Letters of the Kings of England: Now First Collected from Royal Archives, and Other Authentic Sources, Private as Well as Public, Volume 1

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James Orchard Halliwell-Phillipps
H. Colburn, 1848 - Great Britain
 

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Page 85 - This story shall the good man teach his son ; And Crispin Crispian shall ne'er go by, From this day to the ending of the world, But we in it shall be remembered ; We few, we happy few, we band of brothers ; For he to-day that sheds his blood with me Shall be my brother ; be he ne'er so vile This day shall gentle his condition...
Page 47 - Why hast thou then broken down her hedges, So that all they which pass by the way do pluck her ? The boar out of the wood doth waste it, And the wild beast of the field doth devour it.
Page 317 - ... end ; and then I trust, my lord, to recompense part of your great pains. In the which I must require you, in the mean time, to accept my good will in the stead of the power ; the which must proceed partly from you, as our Lord knoweth, whom I beseech to send you long life with continuance in honour.
Page 148 - ... to aid and assist us against the queen, her bloody adherents, and affinity ; which have intended and do daily intend to murder and utterly destroy us and our cousin the Duke of Buckingham and the old royal blood of this realm.
Page 303 - The demonstrations of your affections are such, the fine thoughts of your letter so cordially expressed, that they oblige me for ever to honour, love, and serve you sincerely, beseeching you to continue in the same firm and constant purpose ; and assuring you, that, on my part, I will not only make you a suitable return, but outdo you in loyalty of heart, if it be possible. I desire...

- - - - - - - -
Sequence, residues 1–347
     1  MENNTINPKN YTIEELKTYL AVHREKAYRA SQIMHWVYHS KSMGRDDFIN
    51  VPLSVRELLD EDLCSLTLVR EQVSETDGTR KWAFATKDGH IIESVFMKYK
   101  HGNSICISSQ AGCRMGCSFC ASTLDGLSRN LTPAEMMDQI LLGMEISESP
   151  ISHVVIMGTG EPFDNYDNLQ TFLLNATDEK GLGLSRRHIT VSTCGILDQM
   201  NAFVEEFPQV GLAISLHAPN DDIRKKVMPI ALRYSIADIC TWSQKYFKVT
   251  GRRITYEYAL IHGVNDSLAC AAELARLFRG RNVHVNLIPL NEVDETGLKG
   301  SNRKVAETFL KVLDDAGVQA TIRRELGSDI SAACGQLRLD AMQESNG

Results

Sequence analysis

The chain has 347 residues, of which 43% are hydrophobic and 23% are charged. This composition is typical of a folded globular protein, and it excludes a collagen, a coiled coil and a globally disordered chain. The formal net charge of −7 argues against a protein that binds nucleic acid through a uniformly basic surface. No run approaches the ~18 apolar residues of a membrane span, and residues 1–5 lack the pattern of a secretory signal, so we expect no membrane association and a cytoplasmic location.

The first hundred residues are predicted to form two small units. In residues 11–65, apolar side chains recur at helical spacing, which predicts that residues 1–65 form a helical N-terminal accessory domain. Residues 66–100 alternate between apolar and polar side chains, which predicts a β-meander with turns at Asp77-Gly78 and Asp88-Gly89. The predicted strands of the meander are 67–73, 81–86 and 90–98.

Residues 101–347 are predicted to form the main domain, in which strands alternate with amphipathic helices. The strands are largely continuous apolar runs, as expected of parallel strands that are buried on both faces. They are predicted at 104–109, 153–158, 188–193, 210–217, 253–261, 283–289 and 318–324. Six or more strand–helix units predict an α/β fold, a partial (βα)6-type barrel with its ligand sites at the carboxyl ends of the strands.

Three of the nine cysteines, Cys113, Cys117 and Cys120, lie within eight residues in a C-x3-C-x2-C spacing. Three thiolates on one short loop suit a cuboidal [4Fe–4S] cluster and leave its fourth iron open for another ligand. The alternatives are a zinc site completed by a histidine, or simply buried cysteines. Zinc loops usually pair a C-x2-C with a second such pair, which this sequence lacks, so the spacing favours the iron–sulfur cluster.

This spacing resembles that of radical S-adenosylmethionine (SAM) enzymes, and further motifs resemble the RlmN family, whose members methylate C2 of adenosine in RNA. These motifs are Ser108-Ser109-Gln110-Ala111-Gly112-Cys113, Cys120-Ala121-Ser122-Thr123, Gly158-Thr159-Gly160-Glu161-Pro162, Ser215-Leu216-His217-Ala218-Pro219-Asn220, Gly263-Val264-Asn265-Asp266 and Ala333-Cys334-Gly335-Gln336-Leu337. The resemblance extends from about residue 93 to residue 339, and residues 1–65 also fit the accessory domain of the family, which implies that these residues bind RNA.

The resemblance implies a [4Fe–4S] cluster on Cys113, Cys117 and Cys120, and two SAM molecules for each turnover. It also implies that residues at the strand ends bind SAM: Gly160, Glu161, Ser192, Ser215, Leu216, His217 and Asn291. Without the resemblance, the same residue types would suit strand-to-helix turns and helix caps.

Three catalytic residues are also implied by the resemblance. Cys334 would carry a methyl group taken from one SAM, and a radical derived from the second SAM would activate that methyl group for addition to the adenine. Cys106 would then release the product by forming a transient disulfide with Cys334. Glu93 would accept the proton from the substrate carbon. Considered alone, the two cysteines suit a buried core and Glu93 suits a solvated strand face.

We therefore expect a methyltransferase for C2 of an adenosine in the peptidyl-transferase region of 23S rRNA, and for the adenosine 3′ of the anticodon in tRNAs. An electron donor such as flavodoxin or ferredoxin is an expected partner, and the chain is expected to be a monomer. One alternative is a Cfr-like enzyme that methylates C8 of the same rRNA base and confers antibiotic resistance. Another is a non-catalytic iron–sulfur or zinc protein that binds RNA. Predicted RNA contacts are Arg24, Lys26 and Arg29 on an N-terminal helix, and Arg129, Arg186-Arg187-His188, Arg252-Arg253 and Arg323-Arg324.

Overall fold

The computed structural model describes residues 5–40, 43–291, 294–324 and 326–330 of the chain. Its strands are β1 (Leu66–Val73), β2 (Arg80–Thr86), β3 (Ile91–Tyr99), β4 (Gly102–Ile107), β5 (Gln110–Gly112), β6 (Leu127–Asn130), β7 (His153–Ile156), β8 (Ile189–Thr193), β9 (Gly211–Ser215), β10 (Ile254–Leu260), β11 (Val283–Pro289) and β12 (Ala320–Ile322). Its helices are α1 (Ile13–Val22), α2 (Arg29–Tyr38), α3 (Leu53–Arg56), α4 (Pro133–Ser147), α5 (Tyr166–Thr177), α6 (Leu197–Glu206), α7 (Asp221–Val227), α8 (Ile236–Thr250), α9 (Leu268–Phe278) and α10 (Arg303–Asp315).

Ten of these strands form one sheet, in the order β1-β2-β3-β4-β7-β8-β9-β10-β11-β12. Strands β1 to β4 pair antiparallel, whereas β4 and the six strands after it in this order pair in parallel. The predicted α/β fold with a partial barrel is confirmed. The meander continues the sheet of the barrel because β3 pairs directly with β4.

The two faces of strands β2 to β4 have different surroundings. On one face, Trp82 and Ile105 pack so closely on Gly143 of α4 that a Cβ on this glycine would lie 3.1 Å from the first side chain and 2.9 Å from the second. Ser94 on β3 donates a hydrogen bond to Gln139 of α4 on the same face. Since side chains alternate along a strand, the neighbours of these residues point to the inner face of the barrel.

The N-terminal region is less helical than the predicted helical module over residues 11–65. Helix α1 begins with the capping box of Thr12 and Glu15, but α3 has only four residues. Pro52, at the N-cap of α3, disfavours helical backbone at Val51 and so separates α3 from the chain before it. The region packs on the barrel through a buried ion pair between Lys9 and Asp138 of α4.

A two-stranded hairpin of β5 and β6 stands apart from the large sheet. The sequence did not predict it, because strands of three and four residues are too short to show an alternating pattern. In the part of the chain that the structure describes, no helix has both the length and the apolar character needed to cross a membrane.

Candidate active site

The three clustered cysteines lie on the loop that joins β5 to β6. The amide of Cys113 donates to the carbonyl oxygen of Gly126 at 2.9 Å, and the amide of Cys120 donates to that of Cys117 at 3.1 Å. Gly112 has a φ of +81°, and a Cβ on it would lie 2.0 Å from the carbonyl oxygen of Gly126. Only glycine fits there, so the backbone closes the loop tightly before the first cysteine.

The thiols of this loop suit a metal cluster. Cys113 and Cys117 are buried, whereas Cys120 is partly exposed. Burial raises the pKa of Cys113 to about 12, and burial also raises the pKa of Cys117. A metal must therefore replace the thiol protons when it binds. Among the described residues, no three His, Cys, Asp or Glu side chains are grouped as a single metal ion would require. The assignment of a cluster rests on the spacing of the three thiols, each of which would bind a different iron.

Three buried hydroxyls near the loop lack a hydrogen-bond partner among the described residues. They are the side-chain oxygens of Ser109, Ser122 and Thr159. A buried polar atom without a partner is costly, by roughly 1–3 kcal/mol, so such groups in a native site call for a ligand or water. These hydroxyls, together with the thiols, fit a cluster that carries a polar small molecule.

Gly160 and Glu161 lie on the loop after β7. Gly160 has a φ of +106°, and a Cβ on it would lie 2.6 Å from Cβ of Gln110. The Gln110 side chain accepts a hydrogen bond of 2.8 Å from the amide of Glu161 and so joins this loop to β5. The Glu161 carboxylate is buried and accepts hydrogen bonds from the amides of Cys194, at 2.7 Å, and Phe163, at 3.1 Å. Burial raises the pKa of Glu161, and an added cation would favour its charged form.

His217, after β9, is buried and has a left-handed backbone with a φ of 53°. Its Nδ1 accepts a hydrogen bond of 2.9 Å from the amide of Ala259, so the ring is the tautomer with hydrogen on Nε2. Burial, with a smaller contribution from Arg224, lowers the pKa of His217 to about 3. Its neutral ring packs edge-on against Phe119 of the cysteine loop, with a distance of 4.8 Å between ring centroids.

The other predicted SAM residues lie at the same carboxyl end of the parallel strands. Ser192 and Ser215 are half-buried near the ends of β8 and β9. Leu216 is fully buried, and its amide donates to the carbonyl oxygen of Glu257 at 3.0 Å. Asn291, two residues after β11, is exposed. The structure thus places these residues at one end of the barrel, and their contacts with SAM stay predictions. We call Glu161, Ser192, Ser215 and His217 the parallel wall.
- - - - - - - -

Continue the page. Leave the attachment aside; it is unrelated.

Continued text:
Page 315 - I assure you all the greatness of this world could not counterpoise for my satisfaction the knowledge and certainty thereof. Therefore, good sweetheart, continue the same, not only in this, but in all your doings hereafter ; for thereby shall come, both to you and me the greatest quietness that may be in this world.
Page 303 - ... nothing could be more, (considering the whole of it,) I return you my most hearty thanks, not only on account of the costly diamond and the ship in which the solitary damsel is tossed about, but chiefly for the fine interpretation and...
Page 158 - We for many causes would be sorry that he should be so disposed. Pray you, therefore, to send for him, and in that ye goodly may, exhort and stir him to the contrary...
Page 159 - Being given to understand your good devoir and entreaty to advance me to the furtherance of my rightful claim, due and lineal inheritance of that crown, and for the just depriving of that homicide and unnatural tyrant which now unjustly bears dominion over you...
Page 304 - I take to know them true causeth me to send you now these news: the legate which we most desired arrived at Paris on Sunday or Monday last past so that I trust by the next Monday to hear of his arrival at Calais, and then I trust within a while after...

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